(X)-trACTION is a collaborative of five artists/filmmakers founded in 2021 whose first initial program of short poetic documentary films engaging with histories from the US American West began at the Central School Project in Bisbee, Arizona in January. It then continued at Cornell Cinema in Ithaca, New York in March. For the Arsenal screening in July in Berlin, the collaborative invited local communities to contribute observations of spaces from daily life that reveal “plunder or refuge” (see Open Call here). These contributions are included in the program as interstitial seams that make their way through the sequence of their own films to form a meta mash-up deposit concerned for our climate, our workers, our history and future–the beauty and the failures. Whereas the logic of extraction is violently deliberate, the operative logic of this generative media work [aka today’s program] is generous, chance-based, and playful.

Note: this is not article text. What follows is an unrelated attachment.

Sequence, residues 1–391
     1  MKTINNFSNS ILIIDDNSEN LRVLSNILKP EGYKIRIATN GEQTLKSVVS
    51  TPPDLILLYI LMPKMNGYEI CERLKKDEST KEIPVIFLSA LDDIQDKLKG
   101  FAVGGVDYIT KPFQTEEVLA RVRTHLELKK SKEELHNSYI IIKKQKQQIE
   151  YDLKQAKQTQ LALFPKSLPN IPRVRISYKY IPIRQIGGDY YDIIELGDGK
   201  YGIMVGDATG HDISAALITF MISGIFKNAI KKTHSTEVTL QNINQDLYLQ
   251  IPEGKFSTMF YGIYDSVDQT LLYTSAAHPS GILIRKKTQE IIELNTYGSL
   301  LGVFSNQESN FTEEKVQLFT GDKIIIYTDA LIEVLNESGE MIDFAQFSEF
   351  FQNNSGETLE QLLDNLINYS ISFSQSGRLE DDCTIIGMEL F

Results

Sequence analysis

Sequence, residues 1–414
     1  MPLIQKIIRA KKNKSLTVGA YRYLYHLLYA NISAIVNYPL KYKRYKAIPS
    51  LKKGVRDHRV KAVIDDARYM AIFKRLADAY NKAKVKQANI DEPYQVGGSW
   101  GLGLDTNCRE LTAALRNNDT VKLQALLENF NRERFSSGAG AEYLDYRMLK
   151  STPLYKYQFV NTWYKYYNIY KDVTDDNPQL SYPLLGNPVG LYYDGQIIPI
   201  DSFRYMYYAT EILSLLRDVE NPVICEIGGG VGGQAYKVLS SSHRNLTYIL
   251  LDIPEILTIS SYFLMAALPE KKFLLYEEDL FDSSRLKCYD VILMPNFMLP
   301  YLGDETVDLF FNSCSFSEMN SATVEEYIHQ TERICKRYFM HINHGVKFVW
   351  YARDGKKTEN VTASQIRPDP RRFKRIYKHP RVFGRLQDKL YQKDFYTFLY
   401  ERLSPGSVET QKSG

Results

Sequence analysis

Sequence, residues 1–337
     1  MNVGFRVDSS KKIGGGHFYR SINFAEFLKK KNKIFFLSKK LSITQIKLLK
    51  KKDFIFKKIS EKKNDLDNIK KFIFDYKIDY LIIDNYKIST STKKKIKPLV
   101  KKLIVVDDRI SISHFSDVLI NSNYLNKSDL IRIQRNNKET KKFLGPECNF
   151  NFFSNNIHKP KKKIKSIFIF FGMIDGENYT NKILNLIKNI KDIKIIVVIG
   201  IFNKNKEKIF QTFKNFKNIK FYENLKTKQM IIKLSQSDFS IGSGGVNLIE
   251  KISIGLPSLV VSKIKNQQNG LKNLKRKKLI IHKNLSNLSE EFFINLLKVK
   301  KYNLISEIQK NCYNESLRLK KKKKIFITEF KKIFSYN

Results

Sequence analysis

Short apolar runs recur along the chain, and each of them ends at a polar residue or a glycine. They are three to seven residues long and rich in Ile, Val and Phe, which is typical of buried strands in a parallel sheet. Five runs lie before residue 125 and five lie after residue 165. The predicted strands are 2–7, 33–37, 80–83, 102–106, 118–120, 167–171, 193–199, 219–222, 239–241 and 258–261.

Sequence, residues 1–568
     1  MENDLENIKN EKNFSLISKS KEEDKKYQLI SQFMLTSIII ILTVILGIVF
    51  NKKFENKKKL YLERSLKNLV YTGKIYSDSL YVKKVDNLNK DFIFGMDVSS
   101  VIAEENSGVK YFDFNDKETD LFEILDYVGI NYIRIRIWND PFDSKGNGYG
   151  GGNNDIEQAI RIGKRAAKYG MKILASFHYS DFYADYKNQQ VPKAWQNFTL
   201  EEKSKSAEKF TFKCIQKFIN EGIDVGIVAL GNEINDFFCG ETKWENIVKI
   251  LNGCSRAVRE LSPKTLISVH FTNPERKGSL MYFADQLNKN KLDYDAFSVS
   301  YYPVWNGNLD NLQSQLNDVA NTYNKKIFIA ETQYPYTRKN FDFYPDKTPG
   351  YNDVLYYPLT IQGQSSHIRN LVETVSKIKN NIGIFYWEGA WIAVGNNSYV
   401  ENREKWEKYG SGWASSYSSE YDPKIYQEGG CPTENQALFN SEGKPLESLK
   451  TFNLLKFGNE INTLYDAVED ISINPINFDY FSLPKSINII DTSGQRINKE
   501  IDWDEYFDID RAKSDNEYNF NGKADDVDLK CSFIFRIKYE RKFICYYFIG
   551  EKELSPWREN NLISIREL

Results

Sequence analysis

Mid-century postcards, front and back, offer invaluable if obscured views in Nicole Antebi’s archival re-animation of Roberto López Díaz’s depictions of la frontera. Geography plays across multiple enactments in Cathy Lee Crane’s video, which asserts the primacy of water and migration in the dust of militarized landscapes. Laurie McKenna conjures desert punk power in an aggregate of memory and charcoal, and grounds national rupture in a sonic diary. Erin Wilkerson and Jason Livingston, in their contributions, draw poetic power lines through industry, reminding us that extraction, for all its local magnetism and metal lures, is a view into international dynamics.